The Greek-Eastern Jazz of Magnanimus Trio
by Phontas Troussas
published at Diskoryxeion at 03.01.2017
Four years have passed since the last time we dealt with the discography of Magnanimus Trio. And now here comes the newest album (and third overall) of this very special (should we call it jazz?) Trio, which comes from Thessaloniki and AN Music. As we wrote, four years ago: “Magnanimus Trio was created by three friends, Christos Barbas on piano, kaval and vocals, Dimitris Tasoudis on drums and piano and Pavlos Spyropoulos on double bass in September of 2010. They met already back in the late 90s, when they were fellow students at the Music Department of the School of Fine Arts of the Aristotle University of Thessaloniki. Each following his own way, they met again and combined their varied and equally interesting musical journeys and professional occupations.” Updating this earlier note; we add that in their 3rd album Barbas plays also the ney and Tasoudis the kalimba.
In “No Time” Magnanimus Trio continue, I would say, from where they stopped with “Still Time”, in 2012. The group continues to adapt its aesthetic pursuits on a framework defined by tradition, jazz and avant-garde – though, in this album, not with the same ratio. I mean that in “No Time” jazz seems to acquire a primacy with regard to the final sound structure – although in this case, again, we have to add an “asterisk” (to insert a footnote).
Mainly because Magnanimus Trio does not sound like a typical American post-bop or contemporary group, but as a group of our wider region (Eastern Mediterranean let’s say), having assimilated different improvisation techniques (always in relation with the modal melodies), performing with confidence. And even singing; judging by the fragile performance of a sonnet by Shakespeare, and one more song with lyrics by Christos Barbas.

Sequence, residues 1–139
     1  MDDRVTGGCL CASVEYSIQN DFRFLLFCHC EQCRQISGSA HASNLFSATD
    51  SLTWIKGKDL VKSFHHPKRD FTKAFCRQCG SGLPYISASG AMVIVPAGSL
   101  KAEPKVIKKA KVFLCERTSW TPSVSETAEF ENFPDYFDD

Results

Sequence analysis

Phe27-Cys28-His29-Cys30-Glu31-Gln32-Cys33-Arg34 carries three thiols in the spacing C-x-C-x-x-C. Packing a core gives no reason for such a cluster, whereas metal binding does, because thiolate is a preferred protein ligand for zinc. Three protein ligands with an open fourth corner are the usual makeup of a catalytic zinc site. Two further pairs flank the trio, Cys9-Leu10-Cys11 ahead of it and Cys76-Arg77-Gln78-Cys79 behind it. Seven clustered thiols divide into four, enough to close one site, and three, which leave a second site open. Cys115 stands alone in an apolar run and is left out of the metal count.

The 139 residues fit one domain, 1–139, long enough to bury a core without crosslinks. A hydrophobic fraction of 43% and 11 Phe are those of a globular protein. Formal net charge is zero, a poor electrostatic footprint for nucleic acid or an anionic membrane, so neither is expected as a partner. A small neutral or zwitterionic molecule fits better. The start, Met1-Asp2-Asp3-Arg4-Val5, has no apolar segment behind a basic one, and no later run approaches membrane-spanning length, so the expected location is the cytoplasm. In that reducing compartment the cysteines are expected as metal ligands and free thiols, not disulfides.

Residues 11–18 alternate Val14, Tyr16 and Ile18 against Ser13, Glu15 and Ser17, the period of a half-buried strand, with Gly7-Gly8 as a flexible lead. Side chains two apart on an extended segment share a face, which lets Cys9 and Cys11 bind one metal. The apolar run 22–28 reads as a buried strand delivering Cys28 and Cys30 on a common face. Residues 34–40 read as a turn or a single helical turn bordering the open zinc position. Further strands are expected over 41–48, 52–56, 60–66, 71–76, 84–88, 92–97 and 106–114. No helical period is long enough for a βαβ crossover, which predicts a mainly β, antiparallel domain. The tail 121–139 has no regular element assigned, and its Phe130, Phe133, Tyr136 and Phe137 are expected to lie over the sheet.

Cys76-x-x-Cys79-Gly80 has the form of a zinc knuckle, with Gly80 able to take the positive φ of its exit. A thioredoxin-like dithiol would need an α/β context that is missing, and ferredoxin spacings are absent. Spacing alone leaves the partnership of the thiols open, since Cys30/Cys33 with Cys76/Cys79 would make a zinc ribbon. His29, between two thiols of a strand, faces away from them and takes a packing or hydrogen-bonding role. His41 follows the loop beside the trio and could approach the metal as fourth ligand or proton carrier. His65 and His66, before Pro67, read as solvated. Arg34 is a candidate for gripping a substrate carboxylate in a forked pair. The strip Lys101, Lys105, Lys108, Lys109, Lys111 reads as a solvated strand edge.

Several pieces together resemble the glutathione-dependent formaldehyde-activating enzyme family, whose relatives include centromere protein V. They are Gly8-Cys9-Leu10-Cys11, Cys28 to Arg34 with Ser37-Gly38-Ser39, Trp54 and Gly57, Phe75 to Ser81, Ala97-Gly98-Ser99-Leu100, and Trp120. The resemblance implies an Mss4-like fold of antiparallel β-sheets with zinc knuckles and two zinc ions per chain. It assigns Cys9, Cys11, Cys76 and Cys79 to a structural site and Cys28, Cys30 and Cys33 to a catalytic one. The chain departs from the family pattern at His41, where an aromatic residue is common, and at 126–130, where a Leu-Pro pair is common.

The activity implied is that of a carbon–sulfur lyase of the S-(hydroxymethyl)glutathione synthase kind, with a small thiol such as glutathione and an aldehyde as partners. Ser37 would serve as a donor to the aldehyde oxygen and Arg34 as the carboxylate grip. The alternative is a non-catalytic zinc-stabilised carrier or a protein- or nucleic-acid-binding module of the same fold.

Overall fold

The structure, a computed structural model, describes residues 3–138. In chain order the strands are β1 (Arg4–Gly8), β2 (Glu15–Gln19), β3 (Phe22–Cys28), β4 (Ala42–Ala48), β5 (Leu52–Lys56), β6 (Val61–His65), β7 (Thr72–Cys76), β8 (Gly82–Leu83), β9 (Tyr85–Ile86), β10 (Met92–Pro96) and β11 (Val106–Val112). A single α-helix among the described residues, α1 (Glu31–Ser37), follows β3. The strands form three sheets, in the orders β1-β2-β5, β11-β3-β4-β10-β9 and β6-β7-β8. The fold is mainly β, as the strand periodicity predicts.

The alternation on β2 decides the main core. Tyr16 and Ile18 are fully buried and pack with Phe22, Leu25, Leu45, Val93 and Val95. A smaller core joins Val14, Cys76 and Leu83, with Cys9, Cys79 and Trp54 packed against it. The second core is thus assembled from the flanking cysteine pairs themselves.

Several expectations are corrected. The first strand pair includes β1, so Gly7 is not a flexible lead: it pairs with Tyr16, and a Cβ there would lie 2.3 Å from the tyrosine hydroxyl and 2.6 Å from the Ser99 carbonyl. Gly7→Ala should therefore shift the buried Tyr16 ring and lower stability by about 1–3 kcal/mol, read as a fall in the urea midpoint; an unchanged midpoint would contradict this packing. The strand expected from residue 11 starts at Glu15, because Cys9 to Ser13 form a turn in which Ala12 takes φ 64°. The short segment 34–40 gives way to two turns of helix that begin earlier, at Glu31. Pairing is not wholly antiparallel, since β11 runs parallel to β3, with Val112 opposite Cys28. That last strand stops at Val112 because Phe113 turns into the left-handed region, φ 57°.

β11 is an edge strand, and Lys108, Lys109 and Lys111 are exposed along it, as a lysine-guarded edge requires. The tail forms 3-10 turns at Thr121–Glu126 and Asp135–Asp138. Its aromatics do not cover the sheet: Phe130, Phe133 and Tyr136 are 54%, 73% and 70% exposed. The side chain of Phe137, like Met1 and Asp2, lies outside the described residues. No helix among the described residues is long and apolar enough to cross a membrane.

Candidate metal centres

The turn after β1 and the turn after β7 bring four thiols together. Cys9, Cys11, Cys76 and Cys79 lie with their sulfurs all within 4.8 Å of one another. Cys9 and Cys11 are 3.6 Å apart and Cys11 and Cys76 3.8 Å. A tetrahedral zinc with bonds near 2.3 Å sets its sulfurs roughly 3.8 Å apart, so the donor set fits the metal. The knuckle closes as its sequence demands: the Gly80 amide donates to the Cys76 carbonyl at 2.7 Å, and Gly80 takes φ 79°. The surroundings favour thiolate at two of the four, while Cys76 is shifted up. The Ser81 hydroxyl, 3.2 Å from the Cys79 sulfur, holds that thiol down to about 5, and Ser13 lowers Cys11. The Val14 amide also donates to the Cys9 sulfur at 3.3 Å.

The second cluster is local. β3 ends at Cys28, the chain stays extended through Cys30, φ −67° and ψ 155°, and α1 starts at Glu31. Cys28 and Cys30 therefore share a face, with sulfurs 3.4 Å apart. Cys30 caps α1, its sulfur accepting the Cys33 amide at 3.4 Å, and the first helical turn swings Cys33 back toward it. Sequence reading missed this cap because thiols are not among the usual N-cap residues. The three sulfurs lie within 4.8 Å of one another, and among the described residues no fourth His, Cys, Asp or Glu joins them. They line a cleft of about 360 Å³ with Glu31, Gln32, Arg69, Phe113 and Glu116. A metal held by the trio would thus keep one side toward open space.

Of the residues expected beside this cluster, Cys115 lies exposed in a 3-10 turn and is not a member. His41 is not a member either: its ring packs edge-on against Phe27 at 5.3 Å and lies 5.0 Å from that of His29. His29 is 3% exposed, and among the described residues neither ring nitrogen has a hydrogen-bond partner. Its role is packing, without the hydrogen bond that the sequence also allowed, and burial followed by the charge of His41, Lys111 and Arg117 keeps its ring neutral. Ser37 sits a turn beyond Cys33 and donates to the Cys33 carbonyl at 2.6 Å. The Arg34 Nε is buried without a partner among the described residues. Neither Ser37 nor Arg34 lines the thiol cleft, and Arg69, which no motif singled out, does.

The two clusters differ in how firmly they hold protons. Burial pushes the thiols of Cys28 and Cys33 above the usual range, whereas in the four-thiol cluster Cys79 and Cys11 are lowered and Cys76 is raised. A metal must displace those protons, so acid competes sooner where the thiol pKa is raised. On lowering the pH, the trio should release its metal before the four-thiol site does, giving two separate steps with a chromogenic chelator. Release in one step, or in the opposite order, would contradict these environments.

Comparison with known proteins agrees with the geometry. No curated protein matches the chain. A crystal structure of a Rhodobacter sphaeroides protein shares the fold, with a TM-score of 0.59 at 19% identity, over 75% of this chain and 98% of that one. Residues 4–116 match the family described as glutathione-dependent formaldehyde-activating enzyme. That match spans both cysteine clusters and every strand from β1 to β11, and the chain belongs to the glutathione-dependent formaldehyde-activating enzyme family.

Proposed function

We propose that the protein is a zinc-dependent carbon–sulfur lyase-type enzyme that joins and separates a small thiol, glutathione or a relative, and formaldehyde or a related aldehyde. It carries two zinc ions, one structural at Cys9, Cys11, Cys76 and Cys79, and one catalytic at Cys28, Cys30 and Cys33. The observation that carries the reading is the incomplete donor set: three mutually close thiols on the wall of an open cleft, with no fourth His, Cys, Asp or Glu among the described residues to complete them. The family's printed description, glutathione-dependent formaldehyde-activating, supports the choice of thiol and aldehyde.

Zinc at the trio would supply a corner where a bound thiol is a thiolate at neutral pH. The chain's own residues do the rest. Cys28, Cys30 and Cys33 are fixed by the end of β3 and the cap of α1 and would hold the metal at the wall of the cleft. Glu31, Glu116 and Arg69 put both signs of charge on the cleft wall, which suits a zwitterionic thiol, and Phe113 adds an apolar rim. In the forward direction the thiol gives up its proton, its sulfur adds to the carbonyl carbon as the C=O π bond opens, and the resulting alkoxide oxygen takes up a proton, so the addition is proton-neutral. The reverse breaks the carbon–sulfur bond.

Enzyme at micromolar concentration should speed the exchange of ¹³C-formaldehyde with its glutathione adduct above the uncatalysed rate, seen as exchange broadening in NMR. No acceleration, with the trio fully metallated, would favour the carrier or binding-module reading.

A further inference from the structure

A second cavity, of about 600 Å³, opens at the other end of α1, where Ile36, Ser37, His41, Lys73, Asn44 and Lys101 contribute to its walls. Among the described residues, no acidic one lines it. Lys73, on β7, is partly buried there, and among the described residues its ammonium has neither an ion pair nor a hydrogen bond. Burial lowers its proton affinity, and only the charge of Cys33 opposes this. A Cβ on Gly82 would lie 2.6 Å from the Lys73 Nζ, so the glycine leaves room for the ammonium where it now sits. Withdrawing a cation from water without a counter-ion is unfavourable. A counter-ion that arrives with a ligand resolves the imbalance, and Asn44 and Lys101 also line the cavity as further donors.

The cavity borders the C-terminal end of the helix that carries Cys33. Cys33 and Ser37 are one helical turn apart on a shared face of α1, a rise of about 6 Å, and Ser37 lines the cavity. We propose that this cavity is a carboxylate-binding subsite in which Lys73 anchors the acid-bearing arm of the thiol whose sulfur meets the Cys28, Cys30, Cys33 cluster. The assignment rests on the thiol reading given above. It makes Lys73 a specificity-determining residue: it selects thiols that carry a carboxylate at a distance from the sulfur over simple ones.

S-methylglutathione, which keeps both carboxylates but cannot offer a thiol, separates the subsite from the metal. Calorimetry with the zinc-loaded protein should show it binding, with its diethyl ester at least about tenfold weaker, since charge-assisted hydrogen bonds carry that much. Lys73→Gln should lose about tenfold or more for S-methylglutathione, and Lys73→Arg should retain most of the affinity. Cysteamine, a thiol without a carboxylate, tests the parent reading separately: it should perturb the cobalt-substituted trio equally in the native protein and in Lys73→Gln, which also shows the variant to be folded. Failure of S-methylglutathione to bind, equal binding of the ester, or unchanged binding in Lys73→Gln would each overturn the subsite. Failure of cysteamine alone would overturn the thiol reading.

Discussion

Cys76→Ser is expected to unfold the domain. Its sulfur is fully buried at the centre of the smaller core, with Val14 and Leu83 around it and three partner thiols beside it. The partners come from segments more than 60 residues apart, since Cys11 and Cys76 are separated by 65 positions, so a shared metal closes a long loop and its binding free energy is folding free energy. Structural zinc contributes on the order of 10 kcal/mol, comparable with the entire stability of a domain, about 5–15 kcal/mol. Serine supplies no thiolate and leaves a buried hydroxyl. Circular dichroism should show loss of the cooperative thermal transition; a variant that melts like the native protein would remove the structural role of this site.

This uniqueness, let’s say, is evident primarily in the group’s compositions, which in their simplicity appear balanced and most of all complete. I mean that it is not easy to meet elsewhere the sound of Magnanimus Trio. Maybe because many European trios do not invest in modality, resorting to most relevant for them “romances”, or maybe because in other “advanced” (European or American) groups the avant complexity does not leave much room for emotional expression – the truth is this.
Even though the so-called “globalization” has created an aesthetic leveling –which, many times, does not allow you to realize if what reaches your ears has roots hidden somewhere deep inside–, there will always be a counterweight. And the Eastern Mediterranean is a region of the world that still produces such counterweights – even though this does not appeal to some.